1. Glucose: It is absorbed more rapidly from the intestinal tract via a more active (energy-requiring) process, triggers an insulin response upon entering the blood, but is the preferred fuel used by the body. It is the most prevalent carbohydrate form found in the body, present as either blood glucose or stored as a sequence of glucose chains forming glycogen, the storage form of glucose in the body (5).
    2. Fructose: It is absorbed more slowly through the intestinal wall via a passive (non-energy requiring) process, does not trigger an insulin release upon entry into the blood, but is usually transported to the liver for conversion to glucose (if needed) or to fats (when carbohydrates are consumed in excess).
    3. Galactose: It is absorbed by a similar process as glucose, but used in a limited capacity by the body to help build cellular components and help develop our immune function (e.g., antibodies). It is derived from dietary sources (e.g., milk, sugar beets) or manufactured within the body as needed.
    4. Disaccharides: As illustrated in table 1-1, they are comprised of two monosaccharides bonded together and the three nutritionally important disaccharides are:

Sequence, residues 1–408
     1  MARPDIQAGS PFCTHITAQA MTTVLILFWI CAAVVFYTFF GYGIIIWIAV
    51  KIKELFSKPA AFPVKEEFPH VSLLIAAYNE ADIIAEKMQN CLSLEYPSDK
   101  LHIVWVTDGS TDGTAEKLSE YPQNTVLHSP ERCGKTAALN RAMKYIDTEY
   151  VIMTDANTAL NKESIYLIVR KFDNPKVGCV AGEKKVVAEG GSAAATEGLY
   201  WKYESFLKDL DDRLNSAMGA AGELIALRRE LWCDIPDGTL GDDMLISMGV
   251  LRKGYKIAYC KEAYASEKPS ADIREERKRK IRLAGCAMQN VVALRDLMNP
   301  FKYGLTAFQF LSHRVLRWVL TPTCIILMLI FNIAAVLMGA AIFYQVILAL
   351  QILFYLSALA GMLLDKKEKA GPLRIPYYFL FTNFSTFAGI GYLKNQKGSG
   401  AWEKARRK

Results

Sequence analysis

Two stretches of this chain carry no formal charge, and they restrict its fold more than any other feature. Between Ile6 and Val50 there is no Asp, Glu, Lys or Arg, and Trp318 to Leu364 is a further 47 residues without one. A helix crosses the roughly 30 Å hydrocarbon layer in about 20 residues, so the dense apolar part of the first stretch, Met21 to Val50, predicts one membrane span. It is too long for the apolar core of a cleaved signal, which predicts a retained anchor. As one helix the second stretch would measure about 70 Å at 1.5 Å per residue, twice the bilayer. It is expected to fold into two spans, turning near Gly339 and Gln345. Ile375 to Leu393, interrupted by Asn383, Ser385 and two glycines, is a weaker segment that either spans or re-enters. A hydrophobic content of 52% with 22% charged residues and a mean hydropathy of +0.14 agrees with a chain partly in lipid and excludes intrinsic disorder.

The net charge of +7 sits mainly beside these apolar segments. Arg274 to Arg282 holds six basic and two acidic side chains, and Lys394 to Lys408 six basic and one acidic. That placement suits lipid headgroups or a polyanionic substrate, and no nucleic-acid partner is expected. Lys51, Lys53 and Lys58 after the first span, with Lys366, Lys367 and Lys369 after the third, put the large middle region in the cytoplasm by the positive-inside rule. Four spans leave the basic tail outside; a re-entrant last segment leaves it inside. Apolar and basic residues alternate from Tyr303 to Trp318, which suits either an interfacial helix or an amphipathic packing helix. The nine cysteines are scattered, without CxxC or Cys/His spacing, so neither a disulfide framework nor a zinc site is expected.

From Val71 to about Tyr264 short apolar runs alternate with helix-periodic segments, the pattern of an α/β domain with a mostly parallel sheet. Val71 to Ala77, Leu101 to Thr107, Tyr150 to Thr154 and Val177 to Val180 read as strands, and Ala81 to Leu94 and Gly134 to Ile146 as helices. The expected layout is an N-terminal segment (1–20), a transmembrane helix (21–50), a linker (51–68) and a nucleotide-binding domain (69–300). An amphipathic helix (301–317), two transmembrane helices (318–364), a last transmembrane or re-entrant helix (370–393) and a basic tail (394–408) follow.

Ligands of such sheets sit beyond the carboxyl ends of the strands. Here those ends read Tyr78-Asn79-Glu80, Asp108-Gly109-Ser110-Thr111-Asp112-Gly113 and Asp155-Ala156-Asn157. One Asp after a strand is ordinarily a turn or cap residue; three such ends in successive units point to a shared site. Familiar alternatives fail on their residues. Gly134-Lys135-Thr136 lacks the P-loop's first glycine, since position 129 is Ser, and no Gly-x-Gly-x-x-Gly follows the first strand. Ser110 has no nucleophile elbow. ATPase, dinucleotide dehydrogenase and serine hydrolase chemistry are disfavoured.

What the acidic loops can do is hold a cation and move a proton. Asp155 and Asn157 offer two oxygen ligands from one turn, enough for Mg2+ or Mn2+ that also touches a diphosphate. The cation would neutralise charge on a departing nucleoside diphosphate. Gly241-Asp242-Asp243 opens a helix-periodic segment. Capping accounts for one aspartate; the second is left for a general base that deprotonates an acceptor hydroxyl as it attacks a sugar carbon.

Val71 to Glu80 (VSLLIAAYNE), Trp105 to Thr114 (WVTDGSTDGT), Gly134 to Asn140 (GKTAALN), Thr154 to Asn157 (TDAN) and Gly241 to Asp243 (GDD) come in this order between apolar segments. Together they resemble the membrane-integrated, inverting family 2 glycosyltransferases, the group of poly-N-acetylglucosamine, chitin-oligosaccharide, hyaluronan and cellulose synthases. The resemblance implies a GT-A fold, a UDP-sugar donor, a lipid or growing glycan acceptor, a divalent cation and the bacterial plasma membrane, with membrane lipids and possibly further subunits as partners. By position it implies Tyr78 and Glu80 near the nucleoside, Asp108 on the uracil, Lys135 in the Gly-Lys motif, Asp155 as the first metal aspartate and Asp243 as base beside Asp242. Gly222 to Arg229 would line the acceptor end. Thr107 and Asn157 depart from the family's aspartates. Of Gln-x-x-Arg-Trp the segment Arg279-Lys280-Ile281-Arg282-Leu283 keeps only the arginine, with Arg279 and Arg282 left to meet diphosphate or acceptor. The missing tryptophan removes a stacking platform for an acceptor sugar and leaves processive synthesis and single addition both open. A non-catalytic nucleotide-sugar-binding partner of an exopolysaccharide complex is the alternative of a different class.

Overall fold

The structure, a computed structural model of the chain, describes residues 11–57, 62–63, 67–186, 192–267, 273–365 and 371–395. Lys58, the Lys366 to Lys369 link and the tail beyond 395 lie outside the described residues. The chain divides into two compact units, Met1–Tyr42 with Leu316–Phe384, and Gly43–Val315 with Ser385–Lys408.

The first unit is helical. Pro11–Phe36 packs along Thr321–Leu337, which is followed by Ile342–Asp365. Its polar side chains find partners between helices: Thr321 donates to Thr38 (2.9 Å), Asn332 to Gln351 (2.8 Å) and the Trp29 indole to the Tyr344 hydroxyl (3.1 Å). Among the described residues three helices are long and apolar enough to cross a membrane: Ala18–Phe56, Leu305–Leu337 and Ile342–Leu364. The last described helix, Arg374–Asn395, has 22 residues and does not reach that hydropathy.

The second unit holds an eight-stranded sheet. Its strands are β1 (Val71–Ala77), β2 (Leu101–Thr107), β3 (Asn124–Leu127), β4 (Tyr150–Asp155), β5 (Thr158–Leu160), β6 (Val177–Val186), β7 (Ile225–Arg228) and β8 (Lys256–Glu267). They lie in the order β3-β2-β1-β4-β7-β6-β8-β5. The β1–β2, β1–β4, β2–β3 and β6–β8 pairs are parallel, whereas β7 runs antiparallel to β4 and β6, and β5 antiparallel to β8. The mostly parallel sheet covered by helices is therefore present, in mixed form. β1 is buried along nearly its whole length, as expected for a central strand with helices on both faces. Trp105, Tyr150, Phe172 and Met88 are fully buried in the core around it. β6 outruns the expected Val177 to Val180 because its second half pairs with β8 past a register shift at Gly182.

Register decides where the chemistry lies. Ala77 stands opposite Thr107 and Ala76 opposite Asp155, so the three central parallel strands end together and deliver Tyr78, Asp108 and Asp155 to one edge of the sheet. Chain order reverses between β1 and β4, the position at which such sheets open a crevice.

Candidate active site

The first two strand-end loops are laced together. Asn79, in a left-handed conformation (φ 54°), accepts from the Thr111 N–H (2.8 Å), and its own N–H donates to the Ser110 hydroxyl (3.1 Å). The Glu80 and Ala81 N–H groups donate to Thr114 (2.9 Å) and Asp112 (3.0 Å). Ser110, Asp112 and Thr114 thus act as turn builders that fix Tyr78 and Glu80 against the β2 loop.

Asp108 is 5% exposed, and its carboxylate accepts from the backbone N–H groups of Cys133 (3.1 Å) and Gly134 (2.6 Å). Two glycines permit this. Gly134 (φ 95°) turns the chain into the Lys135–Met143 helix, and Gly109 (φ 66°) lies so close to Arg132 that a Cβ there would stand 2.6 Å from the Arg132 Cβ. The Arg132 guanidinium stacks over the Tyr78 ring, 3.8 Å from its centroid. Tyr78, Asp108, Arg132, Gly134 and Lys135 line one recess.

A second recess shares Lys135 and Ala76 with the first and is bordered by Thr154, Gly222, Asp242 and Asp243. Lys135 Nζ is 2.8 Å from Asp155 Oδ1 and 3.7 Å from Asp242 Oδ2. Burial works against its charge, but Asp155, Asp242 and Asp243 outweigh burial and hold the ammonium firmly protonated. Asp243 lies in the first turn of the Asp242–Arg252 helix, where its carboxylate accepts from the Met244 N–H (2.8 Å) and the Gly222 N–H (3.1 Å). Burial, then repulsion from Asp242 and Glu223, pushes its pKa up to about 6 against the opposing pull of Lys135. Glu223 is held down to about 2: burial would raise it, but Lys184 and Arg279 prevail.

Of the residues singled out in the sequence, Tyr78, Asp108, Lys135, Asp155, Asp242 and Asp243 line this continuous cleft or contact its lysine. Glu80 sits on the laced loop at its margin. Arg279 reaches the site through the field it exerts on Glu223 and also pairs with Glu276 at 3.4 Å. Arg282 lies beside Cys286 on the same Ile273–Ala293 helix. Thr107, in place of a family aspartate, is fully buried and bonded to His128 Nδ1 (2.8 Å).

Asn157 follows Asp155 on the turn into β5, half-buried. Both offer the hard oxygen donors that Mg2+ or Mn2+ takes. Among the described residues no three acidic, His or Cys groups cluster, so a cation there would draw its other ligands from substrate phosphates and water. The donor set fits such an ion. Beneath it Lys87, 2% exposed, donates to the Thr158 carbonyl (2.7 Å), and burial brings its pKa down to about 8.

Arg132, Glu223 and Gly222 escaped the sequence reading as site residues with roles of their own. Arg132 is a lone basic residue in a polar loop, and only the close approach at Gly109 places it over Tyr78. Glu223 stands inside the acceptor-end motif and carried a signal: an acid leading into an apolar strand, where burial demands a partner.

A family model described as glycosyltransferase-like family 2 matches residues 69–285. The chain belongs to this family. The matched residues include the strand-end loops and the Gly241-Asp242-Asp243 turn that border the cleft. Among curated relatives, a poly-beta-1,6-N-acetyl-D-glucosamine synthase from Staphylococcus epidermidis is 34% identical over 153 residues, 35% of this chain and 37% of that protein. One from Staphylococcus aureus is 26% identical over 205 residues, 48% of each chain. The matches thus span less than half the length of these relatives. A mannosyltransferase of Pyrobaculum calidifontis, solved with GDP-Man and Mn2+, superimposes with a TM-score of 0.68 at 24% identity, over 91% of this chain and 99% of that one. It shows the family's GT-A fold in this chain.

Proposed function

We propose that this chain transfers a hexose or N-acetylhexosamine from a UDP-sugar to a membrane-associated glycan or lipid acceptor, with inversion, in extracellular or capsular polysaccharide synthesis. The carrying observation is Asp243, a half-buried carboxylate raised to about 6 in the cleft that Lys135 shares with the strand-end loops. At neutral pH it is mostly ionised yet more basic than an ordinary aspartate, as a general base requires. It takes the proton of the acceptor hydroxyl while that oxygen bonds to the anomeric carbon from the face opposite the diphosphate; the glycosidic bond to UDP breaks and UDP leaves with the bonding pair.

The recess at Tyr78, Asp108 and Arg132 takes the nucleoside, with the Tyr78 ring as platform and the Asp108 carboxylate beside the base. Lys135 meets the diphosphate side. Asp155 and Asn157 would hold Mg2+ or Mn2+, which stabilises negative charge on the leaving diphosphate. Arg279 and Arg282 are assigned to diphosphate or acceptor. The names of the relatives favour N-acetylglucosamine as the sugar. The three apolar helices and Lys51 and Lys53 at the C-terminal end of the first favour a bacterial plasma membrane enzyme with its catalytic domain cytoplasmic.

• Sucrose, a combination of glucose and fructose.
      • Lactose, a combination of glucose and galactose.
      • Maltose, a combination of two glucose molecules.

Some individuals are “lactose intolerant” and may suffer from a variety of gastrointestinal (GI) distresses like diarrhea when they consume dairy products. Essentially, these individuals lack the enzyme lactase needed to digest the disaccharide lactose so they cannot break it down into its monosaccharide units of glucose and galactose. Therefore, it remains in the intestinal tract where intestinal bacteria feed on it, causing some GI distress and discomfort. For these individuals, their solution lies is either consuming a predigested milk (i.e., lactose is broken down to glucose and galactose before consumption by adding the enzyme to the milk) or consuming a pill containing lactase before consuming dairy products. As carbohydrates breakdown into monosaccharide forms, they generally become sweeter in taste. If you have ever tried drinking lactose-free milk, you will notice it has a slightly sweeter taste than regular milk.

Glycemic Index (GI)

GI is a ranking system used to score carbohydrates (foods and beverages) according to their ability to raise blood glucose levels. Essentially, this system assigns a numeric value between zero and 100 to all carbohydrate sources based on how quickly they are digested and absorbed into the body, and how they impact blood sugar. While older standards still exist, the most current ranking system is based on how quickly 50 grams of available carbohydrate raises blood sugar measured against the rate of glucose, which is considered the standard and assigned a value of 100. The scoring system categorizes carbohydrates as high, moderate, or low glycemic foods.